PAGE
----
A physicians prescribing decisions depend on knowledge of the patients medication list. This knowledge is often incomplete, and errors or omissions could result in adverse outcomes. To address this problem, the Joint Commission recommends medication reconciliation for creating a more accurate list of a patients medications. In this paper, we develop techniques for automatic detection of omissions in medication lists, identifying drugs that the patient may be taking but are not on the patients medication list. Our key insight is that this problem is analogous to the collaborative filtering framework increasingly used by online retailers to recommend relevant products to customers. The collaborative filtering approach enables a variety of solution techniques, including nearest neighbor and co-occurrence approaches. We evaluate the effectiveness of these approaches using medication data from a long-term care center in the Eastern US. Preliminary results suggest that this framework may become a valuable tool for medication reconciliation.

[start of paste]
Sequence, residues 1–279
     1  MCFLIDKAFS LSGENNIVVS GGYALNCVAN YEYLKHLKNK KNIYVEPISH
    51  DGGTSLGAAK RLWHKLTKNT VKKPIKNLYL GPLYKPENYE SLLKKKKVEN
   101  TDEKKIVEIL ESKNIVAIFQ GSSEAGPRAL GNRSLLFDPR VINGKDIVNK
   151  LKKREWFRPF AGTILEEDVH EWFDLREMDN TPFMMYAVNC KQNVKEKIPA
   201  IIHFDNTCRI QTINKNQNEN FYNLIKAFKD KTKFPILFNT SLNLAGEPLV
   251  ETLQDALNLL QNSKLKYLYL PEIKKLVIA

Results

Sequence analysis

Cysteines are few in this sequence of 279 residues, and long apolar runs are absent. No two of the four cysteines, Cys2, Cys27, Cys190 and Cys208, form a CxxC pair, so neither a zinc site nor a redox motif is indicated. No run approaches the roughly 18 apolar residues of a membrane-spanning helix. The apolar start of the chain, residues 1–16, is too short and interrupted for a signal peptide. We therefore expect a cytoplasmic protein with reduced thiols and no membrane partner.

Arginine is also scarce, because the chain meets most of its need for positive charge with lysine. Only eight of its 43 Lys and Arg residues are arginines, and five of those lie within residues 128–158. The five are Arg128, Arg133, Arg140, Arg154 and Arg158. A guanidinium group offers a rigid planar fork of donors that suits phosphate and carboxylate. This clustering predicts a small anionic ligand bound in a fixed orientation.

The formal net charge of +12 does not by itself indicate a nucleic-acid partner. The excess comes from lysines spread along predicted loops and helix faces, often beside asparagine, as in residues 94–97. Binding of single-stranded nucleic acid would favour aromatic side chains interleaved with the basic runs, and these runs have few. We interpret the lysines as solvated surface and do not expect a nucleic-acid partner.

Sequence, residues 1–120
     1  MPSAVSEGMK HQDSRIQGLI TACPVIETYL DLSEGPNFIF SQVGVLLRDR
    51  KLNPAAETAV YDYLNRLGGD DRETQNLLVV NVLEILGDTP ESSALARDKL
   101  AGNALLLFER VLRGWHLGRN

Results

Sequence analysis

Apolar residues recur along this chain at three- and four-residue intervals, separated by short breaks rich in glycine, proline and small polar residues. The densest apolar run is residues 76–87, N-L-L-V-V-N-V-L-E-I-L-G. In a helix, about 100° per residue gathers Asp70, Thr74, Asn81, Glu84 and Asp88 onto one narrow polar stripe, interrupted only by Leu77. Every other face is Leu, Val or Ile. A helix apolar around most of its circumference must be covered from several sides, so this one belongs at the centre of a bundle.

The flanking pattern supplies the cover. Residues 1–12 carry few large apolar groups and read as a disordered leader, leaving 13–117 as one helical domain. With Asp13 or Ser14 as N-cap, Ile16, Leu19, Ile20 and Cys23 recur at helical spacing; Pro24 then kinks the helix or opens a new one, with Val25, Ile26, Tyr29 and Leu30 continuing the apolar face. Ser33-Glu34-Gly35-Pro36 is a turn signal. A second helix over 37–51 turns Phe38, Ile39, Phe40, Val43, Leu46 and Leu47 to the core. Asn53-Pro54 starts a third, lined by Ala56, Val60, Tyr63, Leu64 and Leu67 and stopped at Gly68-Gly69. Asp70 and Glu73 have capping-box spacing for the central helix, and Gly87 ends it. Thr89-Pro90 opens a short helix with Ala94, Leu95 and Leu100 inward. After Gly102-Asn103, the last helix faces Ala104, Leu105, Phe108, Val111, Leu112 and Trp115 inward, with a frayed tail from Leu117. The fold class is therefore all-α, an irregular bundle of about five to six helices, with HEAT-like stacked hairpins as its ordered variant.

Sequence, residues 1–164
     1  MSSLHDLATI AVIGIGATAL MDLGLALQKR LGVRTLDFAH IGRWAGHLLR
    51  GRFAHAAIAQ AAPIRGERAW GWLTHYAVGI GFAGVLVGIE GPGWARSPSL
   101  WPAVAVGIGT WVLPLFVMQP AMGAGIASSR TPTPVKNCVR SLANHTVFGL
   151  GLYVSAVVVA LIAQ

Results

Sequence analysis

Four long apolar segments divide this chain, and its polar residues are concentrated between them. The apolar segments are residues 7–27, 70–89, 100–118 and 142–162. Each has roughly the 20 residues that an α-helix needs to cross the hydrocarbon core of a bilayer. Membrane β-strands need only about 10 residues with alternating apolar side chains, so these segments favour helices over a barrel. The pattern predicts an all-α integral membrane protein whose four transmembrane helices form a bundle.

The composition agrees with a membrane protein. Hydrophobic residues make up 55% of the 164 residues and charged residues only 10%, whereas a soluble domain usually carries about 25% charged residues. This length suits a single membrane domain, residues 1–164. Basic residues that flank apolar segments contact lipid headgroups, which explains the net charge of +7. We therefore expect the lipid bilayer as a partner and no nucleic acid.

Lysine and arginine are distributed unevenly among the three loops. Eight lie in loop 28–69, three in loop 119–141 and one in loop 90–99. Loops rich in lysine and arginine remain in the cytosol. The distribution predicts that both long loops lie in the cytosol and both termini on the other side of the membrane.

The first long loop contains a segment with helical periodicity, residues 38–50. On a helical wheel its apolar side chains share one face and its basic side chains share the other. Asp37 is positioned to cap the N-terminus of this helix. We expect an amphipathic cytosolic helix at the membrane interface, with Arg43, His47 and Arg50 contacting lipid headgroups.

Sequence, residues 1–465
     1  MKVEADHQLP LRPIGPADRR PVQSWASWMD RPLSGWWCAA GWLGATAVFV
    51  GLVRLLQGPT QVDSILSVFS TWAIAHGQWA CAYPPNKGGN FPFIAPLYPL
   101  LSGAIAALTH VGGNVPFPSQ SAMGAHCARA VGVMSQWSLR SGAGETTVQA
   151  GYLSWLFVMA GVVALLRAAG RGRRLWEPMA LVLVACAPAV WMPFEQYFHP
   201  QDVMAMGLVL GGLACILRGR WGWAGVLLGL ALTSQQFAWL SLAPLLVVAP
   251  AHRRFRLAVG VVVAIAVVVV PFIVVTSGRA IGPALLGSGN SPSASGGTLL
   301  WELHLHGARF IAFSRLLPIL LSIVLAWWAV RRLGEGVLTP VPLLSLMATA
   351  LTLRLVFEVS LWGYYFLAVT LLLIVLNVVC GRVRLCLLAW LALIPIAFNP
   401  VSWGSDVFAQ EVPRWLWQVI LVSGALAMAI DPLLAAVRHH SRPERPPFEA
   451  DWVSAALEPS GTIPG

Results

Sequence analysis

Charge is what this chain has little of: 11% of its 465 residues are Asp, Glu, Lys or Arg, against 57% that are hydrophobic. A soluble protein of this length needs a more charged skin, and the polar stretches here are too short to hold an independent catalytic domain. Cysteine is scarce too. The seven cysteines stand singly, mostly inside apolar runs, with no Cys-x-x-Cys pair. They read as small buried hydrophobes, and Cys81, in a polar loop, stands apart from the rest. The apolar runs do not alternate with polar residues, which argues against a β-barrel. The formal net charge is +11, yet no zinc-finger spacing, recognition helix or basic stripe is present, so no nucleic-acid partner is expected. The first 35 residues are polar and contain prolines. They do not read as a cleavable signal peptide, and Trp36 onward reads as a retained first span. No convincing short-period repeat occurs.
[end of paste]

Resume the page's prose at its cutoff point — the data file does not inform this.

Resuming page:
|Original language||English (US)|
|Number of pages||5|
|Journal||AMIA ... Annual Symposium proceedings / AMIA Symposium. AMIA Symposium|
|State||Published - 2008|
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